PHNOM PENH, Cambodia — The Cambodian economy is resisting the global trend of slowing growth affecting the rest of the world. According to the World bank, the gross domestic product is projected to increase by 7.3 percent in 2015 and by 7.5 percent in 2016, and despite recent challenges, Cambodia’s economy is looking more energetic than many in the region.
According to the Asia Development Bank, Cambodia’s economy has been growing at an increasing rate, going from six percent in 2010, 7.1 percent in 2011 and to 7.2 percent in 2012. This growing expansion, while still fairly modest, could be an indicator of an exciting take-off down the road for Cambodia.
The growth is due mostly to two industries: tourism and garment manufacturing. Cambodia’s beautiful landscapes and rich history have attracted tourists from all over the world, mainly Europe and America. The low cost of labor there, meanwhile, has attracted investors from all over the world. A growing increase in direct foreign investment is making the economy jump.
However, citizens are not feeling it equally. In late 2013 and early 2014, political unrest and labor protests dented the investment trend and caused a drop-off in tourism. The labor protests were centered in the garment industry. Workers had organized to negotiate for better working conditions and a higher minimum wage. The protests quickly devolved into violence, and for several months the government of Cambodia and the garment manufacturing industry were at loggerheads. In August of 2014, the riots ceased with an agreement signed by both sides. The government agreed to share leadership of the National Assembly of Cambodia with labor representatives to better protect the interests of minimum-wage workers.
With the cessation of violence, Cambodia’s economic growth has resumed its impressive acceleration.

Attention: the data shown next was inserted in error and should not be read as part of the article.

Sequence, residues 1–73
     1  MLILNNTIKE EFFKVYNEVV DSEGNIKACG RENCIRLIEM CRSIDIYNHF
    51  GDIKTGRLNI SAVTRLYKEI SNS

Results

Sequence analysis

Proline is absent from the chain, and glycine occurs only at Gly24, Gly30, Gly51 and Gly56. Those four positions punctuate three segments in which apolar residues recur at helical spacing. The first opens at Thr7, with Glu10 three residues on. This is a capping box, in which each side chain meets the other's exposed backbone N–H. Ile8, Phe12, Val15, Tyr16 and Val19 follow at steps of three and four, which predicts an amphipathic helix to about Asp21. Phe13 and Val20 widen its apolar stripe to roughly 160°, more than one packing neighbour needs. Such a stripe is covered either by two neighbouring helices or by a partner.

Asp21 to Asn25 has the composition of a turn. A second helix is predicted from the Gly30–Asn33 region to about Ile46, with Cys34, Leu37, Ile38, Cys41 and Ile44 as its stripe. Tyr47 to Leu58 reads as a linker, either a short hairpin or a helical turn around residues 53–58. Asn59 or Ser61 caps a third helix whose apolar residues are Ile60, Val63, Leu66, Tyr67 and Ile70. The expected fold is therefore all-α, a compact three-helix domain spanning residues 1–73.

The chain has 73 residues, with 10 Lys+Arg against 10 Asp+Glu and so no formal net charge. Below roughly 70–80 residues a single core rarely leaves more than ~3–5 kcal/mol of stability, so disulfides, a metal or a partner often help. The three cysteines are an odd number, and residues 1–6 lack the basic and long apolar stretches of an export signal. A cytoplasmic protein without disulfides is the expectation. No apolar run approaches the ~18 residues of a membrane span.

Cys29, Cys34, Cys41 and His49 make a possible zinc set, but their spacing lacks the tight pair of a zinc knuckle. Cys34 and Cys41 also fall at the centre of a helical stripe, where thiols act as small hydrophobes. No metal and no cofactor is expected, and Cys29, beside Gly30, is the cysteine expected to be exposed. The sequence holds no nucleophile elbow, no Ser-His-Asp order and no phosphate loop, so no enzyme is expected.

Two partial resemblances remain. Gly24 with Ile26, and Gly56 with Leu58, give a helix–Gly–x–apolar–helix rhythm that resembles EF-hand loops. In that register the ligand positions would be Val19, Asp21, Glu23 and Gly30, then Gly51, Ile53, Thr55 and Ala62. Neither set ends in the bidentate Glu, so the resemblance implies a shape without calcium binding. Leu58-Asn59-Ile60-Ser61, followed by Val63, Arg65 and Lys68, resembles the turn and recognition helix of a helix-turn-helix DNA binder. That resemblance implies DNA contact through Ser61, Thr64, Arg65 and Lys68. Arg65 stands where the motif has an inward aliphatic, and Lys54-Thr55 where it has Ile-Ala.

Currently, Cambodia has a very low rate of inflation and unemployment, indicating that its growth is healthy and sustainable, at least from an economic perspective. It is expected that in the next few years, European, American and Thai trade partners will increase their investment in Cambodia. The gross national income per capita, already inching upwards, is steadily approaching the U.S. $1045 threshold that is the global definition of a lower-middle income country; a worthy goal for any developing country.
An additional challenge facing Cambodia is achieving the right kind of growth. Srinivas Madhur, director of research at Cambodia Development Resource Institute, says, “A key restraint to growth is the skill mismatch, or the lack of adequately skilled labour in the high-end industries.” Only about 14 percent of the population is enrolled in tertiary education. This means the pool of highly skilled labor is very small.
Without a generation of energetic and well-educated local labor, the development Cambodia will experience will likely be incomplete, with sectors of the population left behind, and the best jobs going to foreign experts.
Cambodia remains one of the poorest countries in Asia. If it can build stronger educational infrastructure and balance foreign investment with local interest, that may not be true for much longer.
– Marina Middleton
Sources: World Bank, Asian Development Bank, Heritage, Find that Data, BBC